Targeting vaccination against novel infections: risk, age and spatial structure for pandemic influenza in Great Britain.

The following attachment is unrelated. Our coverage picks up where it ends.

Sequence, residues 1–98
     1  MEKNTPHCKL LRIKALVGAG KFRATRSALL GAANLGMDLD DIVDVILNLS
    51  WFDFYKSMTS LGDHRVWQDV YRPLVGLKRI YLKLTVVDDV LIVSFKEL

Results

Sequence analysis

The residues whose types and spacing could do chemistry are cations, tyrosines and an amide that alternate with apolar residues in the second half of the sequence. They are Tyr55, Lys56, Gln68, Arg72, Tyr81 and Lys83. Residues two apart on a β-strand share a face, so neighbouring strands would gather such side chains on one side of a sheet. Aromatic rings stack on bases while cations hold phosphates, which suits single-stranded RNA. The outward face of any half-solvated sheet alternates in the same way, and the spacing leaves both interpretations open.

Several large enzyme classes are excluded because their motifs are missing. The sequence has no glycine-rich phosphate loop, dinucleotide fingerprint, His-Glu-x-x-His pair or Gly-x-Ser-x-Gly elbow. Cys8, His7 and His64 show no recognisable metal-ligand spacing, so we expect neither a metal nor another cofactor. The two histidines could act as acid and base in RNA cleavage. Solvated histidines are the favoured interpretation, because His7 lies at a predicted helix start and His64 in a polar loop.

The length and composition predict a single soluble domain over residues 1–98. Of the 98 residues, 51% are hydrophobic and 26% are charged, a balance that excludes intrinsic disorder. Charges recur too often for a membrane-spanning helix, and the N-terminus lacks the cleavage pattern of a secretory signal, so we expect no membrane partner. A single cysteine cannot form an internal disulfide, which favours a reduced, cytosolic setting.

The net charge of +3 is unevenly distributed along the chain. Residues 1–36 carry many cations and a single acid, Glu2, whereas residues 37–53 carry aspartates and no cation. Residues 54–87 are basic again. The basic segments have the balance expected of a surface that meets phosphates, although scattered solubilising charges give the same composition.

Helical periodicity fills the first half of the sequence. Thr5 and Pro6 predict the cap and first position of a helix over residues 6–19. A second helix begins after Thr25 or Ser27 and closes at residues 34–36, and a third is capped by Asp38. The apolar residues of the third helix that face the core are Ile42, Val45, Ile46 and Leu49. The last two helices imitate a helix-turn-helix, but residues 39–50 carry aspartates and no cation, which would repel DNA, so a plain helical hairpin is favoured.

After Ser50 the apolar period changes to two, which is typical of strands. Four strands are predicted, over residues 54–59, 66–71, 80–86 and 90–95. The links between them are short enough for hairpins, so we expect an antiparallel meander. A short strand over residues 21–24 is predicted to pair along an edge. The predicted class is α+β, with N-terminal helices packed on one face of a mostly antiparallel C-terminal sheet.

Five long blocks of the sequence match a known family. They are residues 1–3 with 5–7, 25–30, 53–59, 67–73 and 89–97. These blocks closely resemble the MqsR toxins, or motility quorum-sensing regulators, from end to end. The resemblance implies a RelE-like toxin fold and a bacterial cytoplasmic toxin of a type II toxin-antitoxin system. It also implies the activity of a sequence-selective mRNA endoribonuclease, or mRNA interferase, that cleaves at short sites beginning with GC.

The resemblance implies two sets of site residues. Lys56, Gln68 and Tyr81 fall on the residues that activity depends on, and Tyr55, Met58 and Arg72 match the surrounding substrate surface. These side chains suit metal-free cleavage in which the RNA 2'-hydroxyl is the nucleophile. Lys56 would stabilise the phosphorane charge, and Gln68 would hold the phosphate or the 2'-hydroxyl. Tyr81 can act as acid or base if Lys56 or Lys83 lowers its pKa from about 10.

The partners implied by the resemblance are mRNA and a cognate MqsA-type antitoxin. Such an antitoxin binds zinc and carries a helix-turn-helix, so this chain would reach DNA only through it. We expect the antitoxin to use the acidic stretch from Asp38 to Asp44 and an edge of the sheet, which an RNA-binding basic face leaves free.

The emergence of a novel strain of H1N1 influenza virus in Mexico in 2009, and its subsequent worldwide spread, has focused attention to the question of optimal deployment of mass vaccination campaigns. Here, we use three relatively simple models to address three issues of primary concern in the targeting of any vaccine. The advantages of such simple models are that the underlying assumptions and effects of individual parameters are relatively clear, and the impact of uncertainty in the parametrization can be readily assessed in the early stages of an outbreak. In particular, we examine whether targeting risk-groups, age-groups or spatial regions could be optimal in terms of reducing the predicted number of cases or severe effects; and how these targeted strategies vary as the epidemic progresses. We examine the conditions under which it is optimal to initially target vaccination towards those individuals within the population who are most at risk of severe effects of infection. Using age-structured mixing matrices, we show that targeting vaccination towards the more epidemiologically important age groups (5-14 year olds and then 15-24 year olds) leads to the greatest reduction in the epidemic growth and hence reduces the total number of cases. Finally, we consider how spatially targeting the vaccine towards regions of country worst affected could provide an advantage. We discuss how all three of these priorities change as both the speed at which vaccination can be deployed and the start of the vaccination programme is varied.

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